Ethical Decision-Making in Nursing


Nursing practice is very challenging. At times, nurses’ personal values contradict the decisions they make in order to help their patients. An understanding of the set rules is mandatory for every nurse to ensure objectivity in their decisions. This paper recognizes the importance of ethical theory to nursing. It also highlights the principle of confidentiality and uses moral point of view ethical theory to address a decision on an ethical dilemma case resulting from cultural values on one side and confidentiality on the other.

Justify the importance of ethical theory to nursing

Through ethical theories, nurses are able to develop their own professional values and reason ethically, especially when faced with ethical dilemmas (Almark, pp. 620). For instance, a patient may prefer to keep his diagnosis a secret as seen in the case study provided. Ethical theories thus guide nurses in making decisions by setting limits for confidentiality. Besides, ethical theories provide the main framework upon which nursing code of ethics operate (ANA, provisions 1, 2 and 3). For instance, ethical theories influence the nursing code by viewing caring as used in nursing in a holistic manner that includes nurses’ ethical and moral values.

Moreover, ethical theories make nursing practice a unique and holistic endeavour (Beauchamp and Childress, pp. 278). For instance, ethical theories ensure that treatment of a patient in crisis also includes assessment of the family’s post trauma physiological status to ensure that whatever the intervention used will lessen their stress (Rowe, pp. 441). Beneficence, autonomy, justice and non-malfeasance combined with advocacy and care foundations all contribute to the uniqueness of nursing profession (Fry and Johnston, pp. 76).

Relate the principle of confidentiality to the concept of reasonable limits

The principle of confidentiality concerns information sharing. According to the principle of confidentiality, nurses and medical practitioners should strive to ensure safety and privacy of patients’ health information (ANA, provision 3). According to ANA, 2001, it is the duty of the nurse to advocate for, promote and protect the patient’s health safety and rights (ANA, provision 3). However, adhering to the principle of confidentiality may result into ethical dilemma as will be discussed later in this essay.

In order to ensure that patient’s well-being is not compromised by confidentiality principle, some reasonable limits has to be put in place upon which confidentiality can be violated. The concept of reasonable limits states that there has to be a limit upon which the principle of confidentiality can be breached to protect the well-being of the patient and others (Rowe, pp. 438). It is ethically right to breach confidentiality to allow for sharing of information among health care practitioners for the sake of patients’ well-being, but strictly on a need-to-know basis (Rowe, pp. 238). However, patient’s well-being, safety and dignity should top the list of priorities. With that in mind, HIPPA (Clause on Protected Health Information) provides the following limits as the rationale for breaking confidentiality:

  • When a patient has gunshot wound injury
  • When breaching confidentiality contributes to prevention or detection of a serious crime
  • When a serious harm has occurred or is likely to occur to the patient
  • When handling underage (minor) patients and the nurse believes, sharing information with the parents would be in the best interest, but the patient insists on secrecy
  • When the patient has symptoms of abuse, but refuses to consent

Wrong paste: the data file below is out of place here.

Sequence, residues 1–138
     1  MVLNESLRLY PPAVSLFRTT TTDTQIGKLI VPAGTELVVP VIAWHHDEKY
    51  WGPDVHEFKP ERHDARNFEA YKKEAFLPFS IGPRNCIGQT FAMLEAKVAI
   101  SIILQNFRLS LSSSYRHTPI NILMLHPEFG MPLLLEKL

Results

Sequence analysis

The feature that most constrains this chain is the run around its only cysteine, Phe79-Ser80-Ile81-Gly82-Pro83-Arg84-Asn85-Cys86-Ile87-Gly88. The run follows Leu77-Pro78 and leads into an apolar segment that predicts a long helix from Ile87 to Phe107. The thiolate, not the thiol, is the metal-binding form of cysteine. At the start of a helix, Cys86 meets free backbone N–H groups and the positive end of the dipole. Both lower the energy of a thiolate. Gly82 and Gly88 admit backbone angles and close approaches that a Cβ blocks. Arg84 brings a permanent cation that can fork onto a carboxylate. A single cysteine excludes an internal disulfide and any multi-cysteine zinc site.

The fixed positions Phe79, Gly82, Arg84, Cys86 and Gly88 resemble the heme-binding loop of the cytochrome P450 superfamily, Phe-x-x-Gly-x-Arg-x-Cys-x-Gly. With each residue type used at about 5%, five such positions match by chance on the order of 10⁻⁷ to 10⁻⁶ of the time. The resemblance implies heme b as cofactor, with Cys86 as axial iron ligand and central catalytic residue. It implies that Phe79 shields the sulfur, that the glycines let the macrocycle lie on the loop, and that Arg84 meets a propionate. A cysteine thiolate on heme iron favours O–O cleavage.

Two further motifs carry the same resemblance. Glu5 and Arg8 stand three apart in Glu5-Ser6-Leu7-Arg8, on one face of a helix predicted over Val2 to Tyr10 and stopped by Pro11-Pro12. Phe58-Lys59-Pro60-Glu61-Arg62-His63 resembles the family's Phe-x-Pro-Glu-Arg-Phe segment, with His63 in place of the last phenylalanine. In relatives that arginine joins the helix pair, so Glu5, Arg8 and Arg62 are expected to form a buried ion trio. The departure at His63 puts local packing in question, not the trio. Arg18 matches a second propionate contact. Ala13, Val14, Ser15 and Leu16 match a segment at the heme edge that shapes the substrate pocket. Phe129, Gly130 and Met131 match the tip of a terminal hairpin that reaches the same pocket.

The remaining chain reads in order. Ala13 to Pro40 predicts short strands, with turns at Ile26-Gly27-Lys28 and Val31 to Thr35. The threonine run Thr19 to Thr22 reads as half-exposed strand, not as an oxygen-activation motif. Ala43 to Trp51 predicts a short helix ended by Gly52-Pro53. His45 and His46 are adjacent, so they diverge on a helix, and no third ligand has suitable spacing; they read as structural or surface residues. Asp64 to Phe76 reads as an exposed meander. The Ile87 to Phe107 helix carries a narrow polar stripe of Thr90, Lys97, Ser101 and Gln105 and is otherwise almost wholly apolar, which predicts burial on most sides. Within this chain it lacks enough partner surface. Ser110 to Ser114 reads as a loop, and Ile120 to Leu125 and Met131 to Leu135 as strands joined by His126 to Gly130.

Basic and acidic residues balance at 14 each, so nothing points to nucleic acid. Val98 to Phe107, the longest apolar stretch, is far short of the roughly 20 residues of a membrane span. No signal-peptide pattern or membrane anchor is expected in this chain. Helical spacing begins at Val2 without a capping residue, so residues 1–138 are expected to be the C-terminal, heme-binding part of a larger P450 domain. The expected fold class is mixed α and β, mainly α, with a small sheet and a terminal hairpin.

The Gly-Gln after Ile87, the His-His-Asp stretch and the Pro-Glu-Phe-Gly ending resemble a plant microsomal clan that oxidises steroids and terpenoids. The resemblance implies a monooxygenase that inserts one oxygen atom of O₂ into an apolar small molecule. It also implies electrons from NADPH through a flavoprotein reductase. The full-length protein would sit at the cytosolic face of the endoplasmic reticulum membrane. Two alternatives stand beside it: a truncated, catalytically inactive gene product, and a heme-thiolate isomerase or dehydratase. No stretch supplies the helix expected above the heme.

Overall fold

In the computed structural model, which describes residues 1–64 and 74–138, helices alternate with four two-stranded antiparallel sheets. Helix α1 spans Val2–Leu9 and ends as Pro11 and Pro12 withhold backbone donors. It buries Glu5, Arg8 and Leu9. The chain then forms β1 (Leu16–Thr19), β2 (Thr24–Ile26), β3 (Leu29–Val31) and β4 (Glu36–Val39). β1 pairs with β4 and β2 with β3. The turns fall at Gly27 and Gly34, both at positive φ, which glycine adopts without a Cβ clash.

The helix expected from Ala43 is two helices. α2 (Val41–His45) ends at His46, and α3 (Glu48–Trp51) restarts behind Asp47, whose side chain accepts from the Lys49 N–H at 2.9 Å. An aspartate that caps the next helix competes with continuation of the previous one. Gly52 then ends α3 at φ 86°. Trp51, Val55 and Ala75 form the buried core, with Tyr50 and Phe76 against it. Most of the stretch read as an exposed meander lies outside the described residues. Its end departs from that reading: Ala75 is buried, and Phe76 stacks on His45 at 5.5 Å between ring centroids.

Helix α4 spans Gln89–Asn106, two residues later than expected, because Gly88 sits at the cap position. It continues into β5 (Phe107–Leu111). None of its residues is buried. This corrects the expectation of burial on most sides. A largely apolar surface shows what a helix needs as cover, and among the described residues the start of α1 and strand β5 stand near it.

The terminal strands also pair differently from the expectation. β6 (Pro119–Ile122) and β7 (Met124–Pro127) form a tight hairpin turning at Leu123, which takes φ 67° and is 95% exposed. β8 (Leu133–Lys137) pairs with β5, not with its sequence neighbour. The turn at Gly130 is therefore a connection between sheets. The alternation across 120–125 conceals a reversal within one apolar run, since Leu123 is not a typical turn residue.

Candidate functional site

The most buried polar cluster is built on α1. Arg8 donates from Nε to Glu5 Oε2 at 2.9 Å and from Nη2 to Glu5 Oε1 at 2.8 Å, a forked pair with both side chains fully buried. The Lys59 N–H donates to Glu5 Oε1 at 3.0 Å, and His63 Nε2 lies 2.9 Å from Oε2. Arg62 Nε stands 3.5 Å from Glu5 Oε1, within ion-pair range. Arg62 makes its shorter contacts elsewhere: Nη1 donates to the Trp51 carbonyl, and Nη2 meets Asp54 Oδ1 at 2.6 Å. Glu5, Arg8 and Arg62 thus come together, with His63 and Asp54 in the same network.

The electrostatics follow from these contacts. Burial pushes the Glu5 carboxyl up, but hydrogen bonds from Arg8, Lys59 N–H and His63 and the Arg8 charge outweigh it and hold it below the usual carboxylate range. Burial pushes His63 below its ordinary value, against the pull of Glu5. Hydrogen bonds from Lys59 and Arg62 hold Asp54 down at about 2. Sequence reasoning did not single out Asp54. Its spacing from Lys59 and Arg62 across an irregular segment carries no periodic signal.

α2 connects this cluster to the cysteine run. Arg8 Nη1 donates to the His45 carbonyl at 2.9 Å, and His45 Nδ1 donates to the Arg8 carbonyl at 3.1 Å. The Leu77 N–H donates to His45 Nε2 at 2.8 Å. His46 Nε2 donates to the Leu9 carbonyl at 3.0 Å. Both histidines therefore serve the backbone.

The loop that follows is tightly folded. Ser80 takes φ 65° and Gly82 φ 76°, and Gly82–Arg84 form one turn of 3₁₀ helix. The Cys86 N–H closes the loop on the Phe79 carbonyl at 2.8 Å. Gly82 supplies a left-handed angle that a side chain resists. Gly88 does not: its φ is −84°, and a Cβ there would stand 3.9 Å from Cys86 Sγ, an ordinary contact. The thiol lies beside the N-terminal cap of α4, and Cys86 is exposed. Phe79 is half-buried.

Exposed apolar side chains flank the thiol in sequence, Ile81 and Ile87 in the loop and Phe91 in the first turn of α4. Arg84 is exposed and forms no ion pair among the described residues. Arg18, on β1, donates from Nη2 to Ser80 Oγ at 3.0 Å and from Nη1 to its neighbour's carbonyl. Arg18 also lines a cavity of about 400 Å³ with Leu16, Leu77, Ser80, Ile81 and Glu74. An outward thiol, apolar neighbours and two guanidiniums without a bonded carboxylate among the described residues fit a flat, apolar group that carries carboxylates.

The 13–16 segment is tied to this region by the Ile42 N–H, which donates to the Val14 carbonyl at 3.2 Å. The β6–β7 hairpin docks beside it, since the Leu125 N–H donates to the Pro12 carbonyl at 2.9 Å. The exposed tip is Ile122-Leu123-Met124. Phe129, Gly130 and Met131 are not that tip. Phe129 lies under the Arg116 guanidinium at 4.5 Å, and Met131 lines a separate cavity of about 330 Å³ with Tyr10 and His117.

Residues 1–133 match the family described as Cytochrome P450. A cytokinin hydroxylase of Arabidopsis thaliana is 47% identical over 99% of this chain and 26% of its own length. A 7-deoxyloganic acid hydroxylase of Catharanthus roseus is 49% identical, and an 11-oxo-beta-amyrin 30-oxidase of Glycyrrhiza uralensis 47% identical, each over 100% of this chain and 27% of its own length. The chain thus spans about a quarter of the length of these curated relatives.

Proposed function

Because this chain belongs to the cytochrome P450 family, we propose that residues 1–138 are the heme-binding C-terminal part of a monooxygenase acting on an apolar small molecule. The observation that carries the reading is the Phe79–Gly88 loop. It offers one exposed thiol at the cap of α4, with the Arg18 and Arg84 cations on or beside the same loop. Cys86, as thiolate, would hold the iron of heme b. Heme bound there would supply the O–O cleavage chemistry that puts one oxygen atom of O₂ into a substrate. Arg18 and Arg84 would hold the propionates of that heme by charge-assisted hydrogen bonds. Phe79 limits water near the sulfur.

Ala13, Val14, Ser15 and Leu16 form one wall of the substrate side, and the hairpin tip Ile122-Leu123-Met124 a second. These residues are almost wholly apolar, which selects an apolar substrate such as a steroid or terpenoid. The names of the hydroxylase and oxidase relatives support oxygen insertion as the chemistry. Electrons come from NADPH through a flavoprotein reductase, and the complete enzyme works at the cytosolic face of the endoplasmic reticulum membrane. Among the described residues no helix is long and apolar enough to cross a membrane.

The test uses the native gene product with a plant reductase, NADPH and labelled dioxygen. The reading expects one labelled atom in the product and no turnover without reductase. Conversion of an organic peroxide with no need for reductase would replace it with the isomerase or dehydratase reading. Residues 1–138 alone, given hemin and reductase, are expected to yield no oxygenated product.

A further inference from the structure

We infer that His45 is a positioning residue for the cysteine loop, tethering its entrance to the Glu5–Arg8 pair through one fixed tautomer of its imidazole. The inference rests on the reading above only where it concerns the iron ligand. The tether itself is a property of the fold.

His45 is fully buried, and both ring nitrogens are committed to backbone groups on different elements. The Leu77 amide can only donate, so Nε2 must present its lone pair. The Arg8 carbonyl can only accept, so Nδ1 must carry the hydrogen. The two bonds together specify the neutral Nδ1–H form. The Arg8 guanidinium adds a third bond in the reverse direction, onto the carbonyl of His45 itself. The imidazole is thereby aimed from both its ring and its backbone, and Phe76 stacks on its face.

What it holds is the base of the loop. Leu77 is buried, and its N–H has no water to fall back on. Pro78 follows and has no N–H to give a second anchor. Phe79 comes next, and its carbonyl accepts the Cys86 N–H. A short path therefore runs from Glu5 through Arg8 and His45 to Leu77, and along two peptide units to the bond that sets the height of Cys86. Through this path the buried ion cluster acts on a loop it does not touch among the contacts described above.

Identify how to resolve conflict between two or more ethical principles

Implementation of all ethical principles results into conflict. Mostly, the conflict results from the need to adhere to the laws and ethical codes of conduct contradicted with care for patients and their families on the other. The best way to solve ethical conflicts is through taking a holistic approach by considering all the ethical principles and coming up with a decision that promotes value of life, prevents harm and is morally justified even if it violates some principles.

Breaching the principle of confidentiality, however, contradicts the principle of respect for autonomy. However, Susan Fry’s Moral Point of View theory provides for breaking the principle of confidentiality if the patient’s decisions are likely to cause harm to others (Fry and Johnston, pp. 99; Beauchamp and Childress, pp. 277-278).

Discuss the influence of culture on values

Cultural values are belief systems or ideals that a society or an individual alleges commitment to (Ludwick and Silvia, 2000, par. 3). For instance, cultural values in the United States emphasizes individualism and self-reliance (par. 3). However, most societies in the world consider society’s rights to be more important than individual’s rights, a value reflected in their health care (par. 4). The difference in cultural values sometimes results into ethical conflict in nursing practice. For instance, the principle of autonomy promotes individual’s right to make decisions, but at the same time demands respect for the sovereignty of others.

Consequently, it is unethical to ignore the decisions made by others based on their cultural values. Professional nurses should be aware of the cultural implications of the decisions they make as well as those made by patients (Leininger, pp. 4).

The case study

This case study provides a perfect example of ethical dilemma involving the principle of confidentiality and cultural values. The Zs family lives as a group with Mr. Z as the head and holds a cultural value where the family has more rights in making decisions. Using this value, the family has the right to know about Mrs. Zs condition and collectively make a decision concerning her treatment. On the other hand, Dr. F and the nurse come from a society that believes in respect for individual’s autonomy. Dr. F and the nurse will thus find it difficult to go against their values and breach the principle of confidentiality.